On the Republican side, I see it coming down to the wire between Huckabee and Rudy Giuliani.  Huckabee is the candidate the religious right has been looking for.  He’s the candidate some people hoped they were getting in Fred Thompson, but Fred is reputedly either lazy or health-hampered.  Most of Fred’s supporters will defect to Huckabee after Super Tuesday, if not sooner.  Romney was the early frontrunner to carry the banner of social conservatives in this race, and it is only a matter of awareness that keeps many of them from defecting to Huckabee.  If being Catholic was a large challenge for JFK, being Mormon is a gargantuan challenge for Mitt.  Once the social conservatives leave his camp, Mitt ceases to be viable numbers-wise, and much of his New England and business-minded support would probably fall to Rudy.  John McCain polled acceptably in Iowa, but he is damaged goods.  It’s very hard to imagine a scenario where he regains the broad support he had 8 years ago, and easier to imagine that he drops out before February 5th with dwindling numbers in the next few states.  Giuliani is the politically spiritual successor to George W. Bush, and as much as that may alienate some, it appeals to a large portion of the GOP base and his perceived electability in a general election makes him a favorite for Republicans most concerned with retaining the presidency.  Although I personally appreciate the ideas and person of Ron Paul, the GOP seems more concerned with legislating morality at the national level than the constitutionally federalist approach to fiscal and social policy which Paul espouses.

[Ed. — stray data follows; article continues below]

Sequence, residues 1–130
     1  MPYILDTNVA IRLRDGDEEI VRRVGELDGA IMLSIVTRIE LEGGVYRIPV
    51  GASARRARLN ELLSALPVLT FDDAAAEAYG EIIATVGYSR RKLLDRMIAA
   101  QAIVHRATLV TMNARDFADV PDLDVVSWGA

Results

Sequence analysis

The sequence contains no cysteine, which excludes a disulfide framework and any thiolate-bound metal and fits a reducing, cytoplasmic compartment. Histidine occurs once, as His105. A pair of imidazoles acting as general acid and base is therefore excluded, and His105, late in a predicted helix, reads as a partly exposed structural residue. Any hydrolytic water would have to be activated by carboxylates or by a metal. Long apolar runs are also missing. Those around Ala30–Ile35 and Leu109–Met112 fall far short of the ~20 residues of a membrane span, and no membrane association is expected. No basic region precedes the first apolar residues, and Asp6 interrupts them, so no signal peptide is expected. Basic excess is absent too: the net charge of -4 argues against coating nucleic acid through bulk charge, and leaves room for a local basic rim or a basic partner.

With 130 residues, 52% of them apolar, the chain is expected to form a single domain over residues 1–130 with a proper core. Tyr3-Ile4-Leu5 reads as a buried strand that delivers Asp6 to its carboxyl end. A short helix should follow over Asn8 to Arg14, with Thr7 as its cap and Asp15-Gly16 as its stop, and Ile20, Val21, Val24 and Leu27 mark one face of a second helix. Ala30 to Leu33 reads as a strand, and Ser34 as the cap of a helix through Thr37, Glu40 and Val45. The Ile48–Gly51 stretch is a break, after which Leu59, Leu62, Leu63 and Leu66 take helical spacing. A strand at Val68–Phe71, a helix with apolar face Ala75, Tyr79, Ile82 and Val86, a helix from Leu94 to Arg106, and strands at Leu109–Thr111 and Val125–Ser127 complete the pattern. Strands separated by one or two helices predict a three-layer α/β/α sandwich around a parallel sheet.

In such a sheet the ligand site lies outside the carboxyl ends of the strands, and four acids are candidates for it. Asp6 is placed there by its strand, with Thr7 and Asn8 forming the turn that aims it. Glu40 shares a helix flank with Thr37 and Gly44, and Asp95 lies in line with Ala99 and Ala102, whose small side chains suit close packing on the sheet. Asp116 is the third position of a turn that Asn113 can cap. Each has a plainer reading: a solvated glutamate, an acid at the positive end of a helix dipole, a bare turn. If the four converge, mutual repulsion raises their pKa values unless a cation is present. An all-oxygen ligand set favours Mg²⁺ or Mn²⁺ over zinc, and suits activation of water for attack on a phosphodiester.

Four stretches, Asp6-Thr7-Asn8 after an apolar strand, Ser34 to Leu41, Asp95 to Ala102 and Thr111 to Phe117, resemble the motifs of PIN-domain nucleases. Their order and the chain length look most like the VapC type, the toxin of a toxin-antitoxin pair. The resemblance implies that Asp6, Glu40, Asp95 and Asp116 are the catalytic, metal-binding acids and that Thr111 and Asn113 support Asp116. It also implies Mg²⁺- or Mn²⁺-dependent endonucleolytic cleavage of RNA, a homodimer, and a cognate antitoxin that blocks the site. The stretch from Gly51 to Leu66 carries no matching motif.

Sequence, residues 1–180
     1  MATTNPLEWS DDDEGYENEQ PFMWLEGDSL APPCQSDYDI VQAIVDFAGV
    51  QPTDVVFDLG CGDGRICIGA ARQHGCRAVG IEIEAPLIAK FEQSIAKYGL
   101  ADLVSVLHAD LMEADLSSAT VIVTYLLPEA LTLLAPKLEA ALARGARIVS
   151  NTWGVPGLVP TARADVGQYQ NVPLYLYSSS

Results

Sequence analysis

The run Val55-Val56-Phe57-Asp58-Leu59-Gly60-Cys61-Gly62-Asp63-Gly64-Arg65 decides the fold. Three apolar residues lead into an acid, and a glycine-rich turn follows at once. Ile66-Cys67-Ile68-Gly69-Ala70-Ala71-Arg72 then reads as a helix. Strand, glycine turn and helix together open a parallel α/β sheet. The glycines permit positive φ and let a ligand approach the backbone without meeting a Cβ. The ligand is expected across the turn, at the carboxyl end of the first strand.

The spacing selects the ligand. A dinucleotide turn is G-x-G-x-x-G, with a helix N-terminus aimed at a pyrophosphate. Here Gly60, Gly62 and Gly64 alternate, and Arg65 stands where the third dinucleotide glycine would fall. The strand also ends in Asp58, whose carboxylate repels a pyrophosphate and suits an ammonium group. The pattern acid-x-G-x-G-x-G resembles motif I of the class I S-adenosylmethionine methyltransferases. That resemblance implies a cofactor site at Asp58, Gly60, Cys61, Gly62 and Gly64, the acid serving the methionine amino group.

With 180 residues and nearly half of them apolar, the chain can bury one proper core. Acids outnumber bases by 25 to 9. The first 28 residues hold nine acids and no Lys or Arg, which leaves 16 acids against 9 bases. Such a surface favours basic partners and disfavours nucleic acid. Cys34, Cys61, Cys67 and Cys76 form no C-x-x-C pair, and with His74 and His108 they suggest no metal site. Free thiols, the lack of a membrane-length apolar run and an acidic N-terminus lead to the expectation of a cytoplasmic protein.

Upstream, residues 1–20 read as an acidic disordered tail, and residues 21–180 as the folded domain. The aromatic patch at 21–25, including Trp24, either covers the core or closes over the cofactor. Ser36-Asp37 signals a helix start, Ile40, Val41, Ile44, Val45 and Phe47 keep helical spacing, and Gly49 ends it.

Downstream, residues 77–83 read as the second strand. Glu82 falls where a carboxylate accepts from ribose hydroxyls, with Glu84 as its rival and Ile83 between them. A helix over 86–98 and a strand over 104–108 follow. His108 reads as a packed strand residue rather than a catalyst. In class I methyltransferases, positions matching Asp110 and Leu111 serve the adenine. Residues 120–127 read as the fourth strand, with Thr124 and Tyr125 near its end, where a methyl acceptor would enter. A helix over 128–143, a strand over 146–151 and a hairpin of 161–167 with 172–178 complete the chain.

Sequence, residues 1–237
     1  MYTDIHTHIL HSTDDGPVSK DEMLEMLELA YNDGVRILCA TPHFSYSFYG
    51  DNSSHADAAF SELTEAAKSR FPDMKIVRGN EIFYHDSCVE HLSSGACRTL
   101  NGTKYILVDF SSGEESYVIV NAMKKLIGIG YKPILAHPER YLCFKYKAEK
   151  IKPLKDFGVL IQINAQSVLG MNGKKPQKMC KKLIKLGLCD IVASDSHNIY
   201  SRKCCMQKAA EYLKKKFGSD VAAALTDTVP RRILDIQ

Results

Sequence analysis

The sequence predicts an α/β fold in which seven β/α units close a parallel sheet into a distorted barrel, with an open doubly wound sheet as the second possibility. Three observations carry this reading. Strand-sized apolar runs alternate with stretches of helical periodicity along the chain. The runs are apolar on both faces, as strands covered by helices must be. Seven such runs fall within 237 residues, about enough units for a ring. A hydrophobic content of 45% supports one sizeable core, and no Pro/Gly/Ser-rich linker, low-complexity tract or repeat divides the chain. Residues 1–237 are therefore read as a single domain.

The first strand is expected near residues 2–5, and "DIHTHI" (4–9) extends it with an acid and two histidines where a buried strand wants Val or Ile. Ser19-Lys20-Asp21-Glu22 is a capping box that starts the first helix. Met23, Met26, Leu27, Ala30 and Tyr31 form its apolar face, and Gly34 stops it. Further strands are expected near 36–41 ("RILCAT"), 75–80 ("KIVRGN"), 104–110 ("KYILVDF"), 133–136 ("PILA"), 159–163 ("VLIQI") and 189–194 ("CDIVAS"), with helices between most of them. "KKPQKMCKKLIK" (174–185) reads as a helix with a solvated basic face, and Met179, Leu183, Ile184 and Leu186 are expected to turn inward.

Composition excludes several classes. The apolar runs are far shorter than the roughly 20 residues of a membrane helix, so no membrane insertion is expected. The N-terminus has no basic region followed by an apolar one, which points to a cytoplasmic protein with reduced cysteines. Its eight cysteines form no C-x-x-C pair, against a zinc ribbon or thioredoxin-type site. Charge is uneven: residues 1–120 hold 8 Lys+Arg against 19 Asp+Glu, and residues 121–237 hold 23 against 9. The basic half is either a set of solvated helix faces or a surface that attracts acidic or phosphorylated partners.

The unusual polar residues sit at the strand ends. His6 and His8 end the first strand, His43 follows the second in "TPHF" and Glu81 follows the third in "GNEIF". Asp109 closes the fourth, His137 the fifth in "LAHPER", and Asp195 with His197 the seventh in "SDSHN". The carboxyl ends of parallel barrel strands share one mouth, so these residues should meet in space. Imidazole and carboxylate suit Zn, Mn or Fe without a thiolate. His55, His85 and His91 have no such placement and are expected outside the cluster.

On the Democrat side, the quick answer is not-Edwards.  I continue to find Hillary Clinton’s wide support to be fairly inexplicable in that I have yet to meet a staunch Hillary supporter, much less one that can provide a logical explanation of why she is appealing as a prospective President.  I suspect her key supporters are the establishment-minded members of the Democratic Party and people who believe strongly that we need to elect a female president.  Obama is the rock-star candidate of the party, and throws around big yet vague ideas and speaks about hope.  Most non-political-establishment people I encounter who are left-leaning seem to favor Obama.  If ever there was a time where we could elect a President based on style rather than substance, it is now, and this has the potential to benefit Obama greatly.  Obama has the better shot at becoming President.  Hillary has horrendously high negative numbers in a general election – the GOP would have a field day getting the vote out to vote against her.  If Obama is willing to bring on some serious advisors to turn his audacity of hope/hype into detailed policy that he can articulately describe, the presidency is his for the taking.  Without this, he risks annihilation in the general election because his current policy initiatives are high on hyperbole and low on detail.

Guess at the final outcome?  Giuliani over Clinton in the general.  Huckabee over Obama is also easily imaginable.